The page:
One of the more complicated machine learning models, neural network, is designed to mimic the human brain. Experts in medical sciences have not still been able to dig deep enough so as to get to the roots of how our brain functions, so it is very difficult to replicate what we don’t know 100% about. Therefore, it remains a very real possibility that AI could be too smart for us.
So, it’s important to note that the motive here is not to downplay the efficacy of an algorithm that can predict an outcome with, say, 95% accuracy but cannot elucidate the same outcome. Indeed, there are numerous applications of these techniques, and leveraging them has only resulted in reducing the amount of uncertainty in decision-making and mitigating potential losses in a host of industries. The intention here is to rather create an understanding around the repercussions of something that is not entirely explicable, and thus uncontrollable.
In furthering that understanding, raising the stakes might help a bit. AI has made its way into areas such as health-care and the automobile industry which are prime examples of those where human lives are involved. Leaving decision making up to an algorithm that performs countless calculations without completely letting in on the logical base behind it, in such a context is almost suicidal. The ‘black box’ of high-complexity machine learning models evade human understanding at a level that it puts a massive roadblock in deploying autonomous technologies at a full-fledged scale.
Imagine a self-driving car taking the wrong turn resulting in a catastrophic outcome due to the hidden workings and iterations of an algorithm that we might never be able to decode. But stop right there, as thinking beyond this about expanding the reach of AI without coming up with a solid understanding is only detrimental for the world at large.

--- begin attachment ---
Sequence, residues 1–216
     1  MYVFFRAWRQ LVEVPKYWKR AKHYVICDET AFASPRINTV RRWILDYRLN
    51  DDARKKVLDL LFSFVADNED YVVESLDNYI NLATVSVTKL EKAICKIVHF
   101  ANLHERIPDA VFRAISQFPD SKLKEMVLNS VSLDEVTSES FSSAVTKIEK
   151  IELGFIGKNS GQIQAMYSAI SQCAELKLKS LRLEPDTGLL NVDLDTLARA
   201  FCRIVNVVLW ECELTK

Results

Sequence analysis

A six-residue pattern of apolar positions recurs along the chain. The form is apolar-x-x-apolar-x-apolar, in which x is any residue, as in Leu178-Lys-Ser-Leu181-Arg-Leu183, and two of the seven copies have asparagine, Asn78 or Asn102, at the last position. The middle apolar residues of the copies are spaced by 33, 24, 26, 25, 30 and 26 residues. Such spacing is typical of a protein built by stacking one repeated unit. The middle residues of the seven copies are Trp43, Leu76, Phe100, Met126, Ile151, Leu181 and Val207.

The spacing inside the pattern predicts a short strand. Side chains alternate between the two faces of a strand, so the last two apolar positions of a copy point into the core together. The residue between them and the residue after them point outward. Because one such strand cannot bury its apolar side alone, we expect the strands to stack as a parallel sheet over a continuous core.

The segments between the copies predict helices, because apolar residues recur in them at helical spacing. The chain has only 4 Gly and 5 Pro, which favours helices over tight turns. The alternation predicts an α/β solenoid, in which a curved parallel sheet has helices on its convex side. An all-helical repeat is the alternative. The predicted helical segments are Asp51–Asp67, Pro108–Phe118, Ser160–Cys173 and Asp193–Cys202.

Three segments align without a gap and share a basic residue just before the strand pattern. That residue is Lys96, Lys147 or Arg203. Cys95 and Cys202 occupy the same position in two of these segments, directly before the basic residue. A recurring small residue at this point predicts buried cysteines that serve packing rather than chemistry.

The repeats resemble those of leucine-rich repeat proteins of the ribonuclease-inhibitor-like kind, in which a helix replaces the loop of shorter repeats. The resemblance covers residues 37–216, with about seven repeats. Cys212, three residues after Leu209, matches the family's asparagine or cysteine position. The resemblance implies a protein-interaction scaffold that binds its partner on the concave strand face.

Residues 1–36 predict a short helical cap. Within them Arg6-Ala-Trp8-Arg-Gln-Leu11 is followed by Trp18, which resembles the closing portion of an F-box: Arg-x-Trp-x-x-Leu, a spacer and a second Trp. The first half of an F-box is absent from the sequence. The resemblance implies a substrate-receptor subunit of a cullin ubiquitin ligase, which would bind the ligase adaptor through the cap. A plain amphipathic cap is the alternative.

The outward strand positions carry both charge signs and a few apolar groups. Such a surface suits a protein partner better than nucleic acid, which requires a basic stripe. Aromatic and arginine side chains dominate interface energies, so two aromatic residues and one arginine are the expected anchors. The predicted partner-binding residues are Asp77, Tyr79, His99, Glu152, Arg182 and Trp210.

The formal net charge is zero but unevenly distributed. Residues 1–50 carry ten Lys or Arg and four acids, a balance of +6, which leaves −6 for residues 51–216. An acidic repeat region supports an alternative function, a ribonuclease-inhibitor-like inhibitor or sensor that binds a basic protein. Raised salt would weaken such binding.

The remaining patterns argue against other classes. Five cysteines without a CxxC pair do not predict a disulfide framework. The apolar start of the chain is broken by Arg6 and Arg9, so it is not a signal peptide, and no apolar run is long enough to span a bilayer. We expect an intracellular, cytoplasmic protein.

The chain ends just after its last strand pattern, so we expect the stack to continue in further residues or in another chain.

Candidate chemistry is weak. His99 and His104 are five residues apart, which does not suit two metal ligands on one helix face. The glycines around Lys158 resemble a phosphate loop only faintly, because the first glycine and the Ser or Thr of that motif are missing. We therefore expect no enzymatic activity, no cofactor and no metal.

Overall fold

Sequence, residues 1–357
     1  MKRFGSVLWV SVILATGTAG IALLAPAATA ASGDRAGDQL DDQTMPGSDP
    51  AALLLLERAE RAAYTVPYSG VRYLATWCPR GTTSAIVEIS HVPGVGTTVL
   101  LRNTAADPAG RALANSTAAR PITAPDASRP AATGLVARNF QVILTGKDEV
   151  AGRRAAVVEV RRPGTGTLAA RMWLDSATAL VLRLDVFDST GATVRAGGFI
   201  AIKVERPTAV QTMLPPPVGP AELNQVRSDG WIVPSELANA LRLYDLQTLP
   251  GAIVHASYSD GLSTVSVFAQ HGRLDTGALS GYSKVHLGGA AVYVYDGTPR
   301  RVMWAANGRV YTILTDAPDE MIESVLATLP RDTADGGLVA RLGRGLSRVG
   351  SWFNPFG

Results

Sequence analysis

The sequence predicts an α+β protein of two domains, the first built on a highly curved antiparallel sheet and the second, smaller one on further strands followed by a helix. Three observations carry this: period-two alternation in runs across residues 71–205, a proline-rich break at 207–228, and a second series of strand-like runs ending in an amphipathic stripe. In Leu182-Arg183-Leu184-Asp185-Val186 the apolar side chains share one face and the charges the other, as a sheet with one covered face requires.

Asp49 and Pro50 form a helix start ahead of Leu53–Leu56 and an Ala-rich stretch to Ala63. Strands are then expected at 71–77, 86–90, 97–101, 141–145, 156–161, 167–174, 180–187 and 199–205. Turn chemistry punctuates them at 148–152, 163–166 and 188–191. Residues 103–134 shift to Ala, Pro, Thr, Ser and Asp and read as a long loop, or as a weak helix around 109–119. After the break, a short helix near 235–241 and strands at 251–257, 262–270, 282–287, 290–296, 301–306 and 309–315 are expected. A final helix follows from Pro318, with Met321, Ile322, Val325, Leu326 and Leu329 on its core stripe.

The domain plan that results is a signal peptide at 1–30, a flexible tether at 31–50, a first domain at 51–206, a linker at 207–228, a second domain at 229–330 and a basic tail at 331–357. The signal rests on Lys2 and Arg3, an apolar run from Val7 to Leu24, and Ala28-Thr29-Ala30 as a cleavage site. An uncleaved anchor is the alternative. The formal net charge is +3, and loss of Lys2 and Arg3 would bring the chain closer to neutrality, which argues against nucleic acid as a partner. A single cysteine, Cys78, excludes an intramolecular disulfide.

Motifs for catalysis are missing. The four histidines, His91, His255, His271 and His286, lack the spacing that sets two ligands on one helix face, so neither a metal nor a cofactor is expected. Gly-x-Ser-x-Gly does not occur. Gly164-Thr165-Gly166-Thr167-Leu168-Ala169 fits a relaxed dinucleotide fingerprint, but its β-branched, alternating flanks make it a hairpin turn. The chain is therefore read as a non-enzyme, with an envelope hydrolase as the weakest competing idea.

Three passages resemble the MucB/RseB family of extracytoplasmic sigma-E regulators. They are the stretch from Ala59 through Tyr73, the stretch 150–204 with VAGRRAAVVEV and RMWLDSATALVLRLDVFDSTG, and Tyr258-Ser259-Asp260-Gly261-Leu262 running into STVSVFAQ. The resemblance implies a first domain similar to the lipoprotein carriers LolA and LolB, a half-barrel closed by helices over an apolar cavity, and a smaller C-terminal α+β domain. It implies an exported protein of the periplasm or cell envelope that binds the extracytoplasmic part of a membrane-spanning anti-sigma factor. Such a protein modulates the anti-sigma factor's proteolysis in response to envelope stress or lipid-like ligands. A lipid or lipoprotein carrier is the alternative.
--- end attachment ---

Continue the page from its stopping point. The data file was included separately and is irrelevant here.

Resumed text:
Man is born to be free. But this freedom that we have earnt for ourselves has come with a caveat, that is the shear ability to reason. And when we as humans cease to reason, we become the very thing we have strived against not to be- slaves. In light of everything that has been discussed above, it will be safe to say that machines; are even though very close to be humanised, should be far from operating with full freedom.
Data science has been attracting a lot of attention primarily owed to its potential to take the element of guess work out of the process of making decisions with the ultimate target of minimising obscurity. The algorithms presenting the so-called black-box are hence against the very fundamentals at which this innovative field has been built on. It is therefore the duty of the data science and machine learning communities to take responsible action and lead the way for humanity into surely a more convenient tomorrow, but a safer one all the more.
On this note let’s replace the question, ‘Are you ready for AI?’ with ‘Is AI ready for you?’.